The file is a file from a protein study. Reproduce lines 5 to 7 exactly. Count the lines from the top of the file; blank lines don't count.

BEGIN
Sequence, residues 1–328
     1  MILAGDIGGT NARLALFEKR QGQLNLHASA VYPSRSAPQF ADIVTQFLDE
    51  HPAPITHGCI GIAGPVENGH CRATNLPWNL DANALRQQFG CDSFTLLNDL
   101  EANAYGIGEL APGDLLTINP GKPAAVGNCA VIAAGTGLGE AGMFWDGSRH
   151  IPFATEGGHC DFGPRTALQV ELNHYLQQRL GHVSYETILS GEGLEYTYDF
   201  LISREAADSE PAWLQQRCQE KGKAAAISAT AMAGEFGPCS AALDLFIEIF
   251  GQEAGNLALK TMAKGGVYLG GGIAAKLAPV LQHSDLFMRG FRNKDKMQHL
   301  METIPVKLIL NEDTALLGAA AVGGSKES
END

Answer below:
   151  IPFATEGGHC DFGPRTALQV ELNHYLQQRL GHVSYETILS GEGLEYTYDF
   201  LISREAADSE PAWLQQRCQE KGKAAAISAT AMAGEFGPCS AALDLFIEIF
   251  GQEAGNLALK TMAKGGVYLG GGIAAKLAPV LQHSDLFMRG FRNKDKMQHL